Almost everyone has heard of application tuning; however few people can point to specific examples of how tuning improves completion rates and customer satisfaction. Here are several real-world examples of how tuning identified and rectified an application problem.
Tuning Case 1 – Utility customers got what they asked for, not what they needed.
One utility company deployed a call routing application (“billing”, “repairs”, etc.) but more than half of their callers were still requesting the operator. This company was very customer service oriented, so they had specified an initial prompt that offered “operator” as the final option. When callers used the speech system, they were successful, but their polite callers were patiently waiting through the entire prompt and then asking for the operator because that was what they were used to doing. Removing that option from the first prompt increased their completion rate by 50% with no decrease in caller satisfaction.
Tuning Case 2 — Reducing confusability in a banking application
A banking customer was prompting for the command “payment”, but the speech recognition system would hear “agent” 10% of the time, and transfer them unnecessarily. This was corrected by improving word pronunciations and adding appropriate grammar probabilities. Another system (or two) would often hear “help” when the caller actually said “no”, and then would give a help message to the confused caller who couldn’t have been more clear.
Tuning Case 3 — Don’t use your speech app to re-train callers
Another customer had callers who were used to speaking with agents and giving their account number and PIN in one sentence. Rather than rejecting the whole utterance and forcing the caller to start over, the system was changed to allow this, smoothing a negative first interaction that was being experienced by 25% of their callers during the switch to automation.
Tuning Case 4 — A newspaper’s use of barge-in catches callers wrong footed
It can be hard for callers to get in sync with the system, especially when barge-in is enabled. One newspaper application that asked for the caller’s phone number was failing because many callers would pause after the area code and the system would cut them off. The system was changed to accept an area code, and then just go on and ask for the rest of it. This increased the automation rate by 20 percentage points.
Tuning Case 5 — Ubiquitous name and address modules need pronunciation tuning
Systems that take a person’s name, or a street address, usually depend upon automatically generated pronunciations. Results can vary widely. One system went from 77% accuracy on 30,000 cities to 85% by hand tuning pronunciations, especially for the most common cities. Another went from 81% accuracy to 83% by simply asking the system to make up fewer alternate pronunciations.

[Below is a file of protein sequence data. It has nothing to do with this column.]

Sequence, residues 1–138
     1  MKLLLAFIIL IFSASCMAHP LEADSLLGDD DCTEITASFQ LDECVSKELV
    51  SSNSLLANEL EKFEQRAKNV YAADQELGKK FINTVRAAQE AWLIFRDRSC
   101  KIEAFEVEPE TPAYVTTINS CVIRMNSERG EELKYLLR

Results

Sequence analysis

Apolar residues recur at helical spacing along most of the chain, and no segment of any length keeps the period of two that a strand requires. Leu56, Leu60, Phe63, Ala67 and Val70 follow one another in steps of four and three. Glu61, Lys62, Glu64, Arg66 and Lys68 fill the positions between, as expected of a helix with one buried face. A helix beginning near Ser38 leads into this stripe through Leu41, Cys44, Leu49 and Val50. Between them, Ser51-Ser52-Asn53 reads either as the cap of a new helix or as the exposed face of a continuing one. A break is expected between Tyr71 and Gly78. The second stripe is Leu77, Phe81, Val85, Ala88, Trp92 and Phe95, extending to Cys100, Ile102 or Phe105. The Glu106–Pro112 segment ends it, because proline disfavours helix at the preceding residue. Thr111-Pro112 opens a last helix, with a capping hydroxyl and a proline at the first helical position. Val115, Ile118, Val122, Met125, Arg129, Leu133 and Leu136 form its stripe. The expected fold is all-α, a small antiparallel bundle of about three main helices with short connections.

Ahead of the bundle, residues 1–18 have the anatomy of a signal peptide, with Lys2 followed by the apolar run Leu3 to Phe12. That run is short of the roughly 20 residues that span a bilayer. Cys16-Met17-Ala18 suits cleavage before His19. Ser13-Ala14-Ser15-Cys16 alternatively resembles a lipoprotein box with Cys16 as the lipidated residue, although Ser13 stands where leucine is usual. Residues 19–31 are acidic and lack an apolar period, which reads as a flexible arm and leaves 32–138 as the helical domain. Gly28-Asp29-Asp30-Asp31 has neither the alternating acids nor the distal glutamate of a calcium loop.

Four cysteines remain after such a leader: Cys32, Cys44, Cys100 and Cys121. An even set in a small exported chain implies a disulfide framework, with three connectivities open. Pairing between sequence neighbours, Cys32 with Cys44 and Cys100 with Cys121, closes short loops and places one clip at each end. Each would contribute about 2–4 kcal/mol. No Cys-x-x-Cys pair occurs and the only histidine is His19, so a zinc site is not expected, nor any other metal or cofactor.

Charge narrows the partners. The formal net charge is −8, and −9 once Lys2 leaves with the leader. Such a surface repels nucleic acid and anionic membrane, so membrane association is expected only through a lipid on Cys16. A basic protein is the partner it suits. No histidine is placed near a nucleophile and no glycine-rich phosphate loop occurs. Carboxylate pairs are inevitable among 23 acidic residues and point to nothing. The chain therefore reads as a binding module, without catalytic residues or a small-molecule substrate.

Tuning Case 6 — Eliminating impossible choices increases odds in a wagering application
A wagering application was built that could sell bets on races at 400 different tracks. There were a lot of similar names, and first attempt recognition accuracy was only about 85%. Demanding bettors needed speed and accuracy above all, and this was not good enough. It turned out however, that while there were 400 different tracks, the system would actually only be selling bets on 10-40 of them at any one time. A dynamic grammar, updated once daily, was used to restrict the choices to those actually available and recognition accuracy shot up to 97%.
Tuning Case 7 – Listen carefully when a caller says nothing
One common problem VA looks for is when the callers don’t say anything. If the no input rate is high after a particular prompt, there could be three problems.The prompt may be confusing or difficult to understand. The caller may have been misrecognized in the previous state and ended up getting a prompt they weren’t expecting. Or, if the no input rate is high across the entire application, there may be a problem with the audio tuning parameters or even the audio signal. In one application, callers were being routed in with “in-band” touchtones played to signal point of origin. The system often started listening to the call while the touchtones were still being played, and adjusted its audio accordingly, making it deaf to the caller when they tried to talk to it.
Tuning Case 8 — A major retailer’s grammar expanded to reflect what callers were actually saying
Another common flag for problems is rejection – when the recognition system isn’t matching on anything at all. This is usually because callers are saying something out of grammar, something the system hasn’t been programmed to listen for. The completion rate for a retail call routing application was increased from 70% to 77% by adding the 100 most common things people were saying that were out of grammar.